A Problem From Hell: Russian G.U.L.A.G & the Extermination of Jewish Nuclear Intellectuals After Red October 1917
This book tells captivating stories of misadventures of two renowned theoretical physicists in the Soviet Union.
The first part is devoted to Friedrich (Fritz) Houtermans, an outstanding Dutch–Austrian–German physicist who was the first to suggest that the source of stars' energy is thermonuclear fusion, and also made a number of other important contributions to cosmo-chemistry and geochemistry.
In 1935, Houtermans, a German communist, in an attempt to save his life from Hilter's Gestapo, fled to the Soviet Union. He took up an appointment at the Kharkov Physico-Technical Institute, working there for two years with the Russian physicist Valentin P Fomin.
In the Great Purge of 1937, Houtermans was arrested in December by the NKVD (Soviet Secret Police, KGB's predecessor). He was tortured, and confessed to being a Trotskyist plotter and German spy, out of fear of threats against his wife Charlotte. However, Charlotte had already escaped from the Soviet Union to Denmark, after which she went to England and finally the USA. As a result of the Hilter–Stalin Pact of 1939, Houtermans was turned over to the Gestapo in May 1940 and imprisoned in Berlin.
The second part consists of two essays that narrate the life story of Yuri Golfand, one of the co-discoverers of supersymmetry, a major discovery in theoretical physics in the 20th century. In 1973, just two years after the publication of his seminal paper, he was fired from the Lebedev Physics Institute in Moscow. Because of his Jewish origin he could find no job. Under such circumstances, he applied for an exit visa to Israel, but his application was denied. Yuri Golfand became a refusnik and joined the Human rights movement, along with two other prominent physicists, Andrei Sakharov and Yuri Orlov.
To earn his living, he had to do manual work, repeatedly being intimidated by KGB. Only 18 years later, shortly before the demise of the Soviet Union, did he obtain permission to leave the country, emigrating to Israel in 1990.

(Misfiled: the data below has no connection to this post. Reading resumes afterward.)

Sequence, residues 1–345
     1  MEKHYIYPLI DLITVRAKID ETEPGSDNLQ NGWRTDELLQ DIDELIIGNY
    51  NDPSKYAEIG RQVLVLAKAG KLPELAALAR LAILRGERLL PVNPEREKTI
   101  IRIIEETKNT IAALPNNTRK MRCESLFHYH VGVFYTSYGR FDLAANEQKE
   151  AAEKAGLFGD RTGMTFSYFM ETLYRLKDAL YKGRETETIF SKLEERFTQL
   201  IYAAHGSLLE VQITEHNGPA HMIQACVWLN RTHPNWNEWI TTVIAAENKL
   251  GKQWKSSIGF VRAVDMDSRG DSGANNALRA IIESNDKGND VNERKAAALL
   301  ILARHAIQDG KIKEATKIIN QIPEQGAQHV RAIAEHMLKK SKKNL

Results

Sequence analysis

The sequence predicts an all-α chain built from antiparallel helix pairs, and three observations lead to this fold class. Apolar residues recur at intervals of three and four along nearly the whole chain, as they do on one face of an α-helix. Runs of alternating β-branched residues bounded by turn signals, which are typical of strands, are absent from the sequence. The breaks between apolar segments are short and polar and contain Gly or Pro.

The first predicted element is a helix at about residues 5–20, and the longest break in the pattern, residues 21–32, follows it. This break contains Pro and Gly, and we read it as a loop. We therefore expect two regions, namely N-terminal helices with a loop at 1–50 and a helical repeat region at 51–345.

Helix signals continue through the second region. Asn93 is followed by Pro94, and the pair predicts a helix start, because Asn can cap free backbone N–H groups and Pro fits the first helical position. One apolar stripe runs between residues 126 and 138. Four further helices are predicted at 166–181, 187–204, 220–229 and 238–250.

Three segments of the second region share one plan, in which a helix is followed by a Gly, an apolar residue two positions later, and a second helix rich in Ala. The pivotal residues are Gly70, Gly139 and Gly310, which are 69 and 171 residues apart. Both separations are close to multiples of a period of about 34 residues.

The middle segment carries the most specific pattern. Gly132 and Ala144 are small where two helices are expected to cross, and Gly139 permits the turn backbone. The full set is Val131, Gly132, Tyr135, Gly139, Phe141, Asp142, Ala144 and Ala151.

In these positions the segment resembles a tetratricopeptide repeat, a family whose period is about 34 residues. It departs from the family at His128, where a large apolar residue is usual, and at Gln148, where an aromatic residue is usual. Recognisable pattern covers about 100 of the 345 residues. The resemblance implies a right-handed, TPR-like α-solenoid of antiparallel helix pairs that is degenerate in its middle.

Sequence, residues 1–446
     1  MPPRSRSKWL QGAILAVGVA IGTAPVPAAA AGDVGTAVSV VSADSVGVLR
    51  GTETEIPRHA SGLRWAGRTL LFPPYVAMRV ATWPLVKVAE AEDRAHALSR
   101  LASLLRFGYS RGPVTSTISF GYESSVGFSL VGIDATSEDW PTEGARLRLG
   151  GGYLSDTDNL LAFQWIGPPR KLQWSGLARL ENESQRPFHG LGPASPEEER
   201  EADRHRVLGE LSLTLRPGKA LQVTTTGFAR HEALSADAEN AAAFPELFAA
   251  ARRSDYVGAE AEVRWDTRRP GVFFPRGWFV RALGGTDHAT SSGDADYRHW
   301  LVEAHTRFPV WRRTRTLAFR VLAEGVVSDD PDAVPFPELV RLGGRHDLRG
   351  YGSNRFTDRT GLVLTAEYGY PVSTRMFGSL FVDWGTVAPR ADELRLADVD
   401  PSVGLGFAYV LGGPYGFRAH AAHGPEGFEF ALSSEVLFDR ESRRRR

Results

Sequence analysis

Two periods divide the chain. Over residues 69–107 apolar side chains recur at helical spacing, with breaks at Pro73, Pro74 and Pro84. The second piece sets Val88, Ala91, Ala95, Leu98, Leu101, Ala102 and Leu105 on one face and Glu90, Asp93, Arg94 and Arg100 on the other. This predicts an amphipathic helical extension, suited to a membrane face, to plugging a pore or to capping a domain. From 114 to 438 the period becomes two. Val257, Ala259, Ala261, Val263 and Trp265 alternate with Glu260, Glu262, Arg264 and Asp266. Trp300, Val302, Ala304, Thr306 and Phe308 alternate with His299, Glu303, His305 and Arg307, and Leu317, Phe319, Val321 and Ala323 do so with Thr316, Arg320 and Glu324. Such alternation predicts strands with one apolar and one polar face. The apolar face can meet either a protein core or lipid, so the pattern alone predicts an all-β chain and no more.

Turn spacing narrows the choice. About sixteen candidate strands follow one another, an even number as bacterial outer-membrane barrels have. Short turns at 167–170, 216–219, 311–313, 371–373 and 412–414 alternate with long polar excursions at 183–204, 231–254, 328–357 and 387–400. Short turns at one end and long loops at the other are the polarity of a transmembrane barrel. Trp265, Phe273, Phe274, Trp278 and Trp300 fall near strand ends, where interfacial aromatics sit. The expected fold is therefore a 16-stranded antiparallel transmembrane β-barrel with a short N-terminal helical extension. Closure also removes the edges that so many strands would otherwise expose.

These personal life stories of two outstanding theorists are intertwined with the tragedies of the 20th century and make for compelling reading.
Book excerpt on physical, psychological torture given to GULAG inmates to break them into false confessions, consequently the excerpt below led to the discovery of plutonium:
"I entered the cell which contained a single piece of furniture a wooden bunk-bed. Immediately I was shocked. On the top bed laid a corpse. The man’s face was grey and the skin was so thin that one could see every bone under it. I was terrified. “Is it possible that they’ve become so cruel? That the degree of their mockery has reached the point of putting the dead and the living together?” That was my first thought after I saw his face.
After a while he opened his eyes. He stared at me with a look of expectation, hopeful I would bring him all kinds of news, which he needed so desperately.
“Are you new? I can tell by the way you walk, you move and you look,” he said in his broken Russian. He lifted himself up and offered his thin hand for a handshake. “My name is Fritz Houtermans, a German…a physicist…a former member of the communist party…former emigrant from Nazi Germany…former professor at the Institute of Physics in Kharkov…former human being—and who are you?”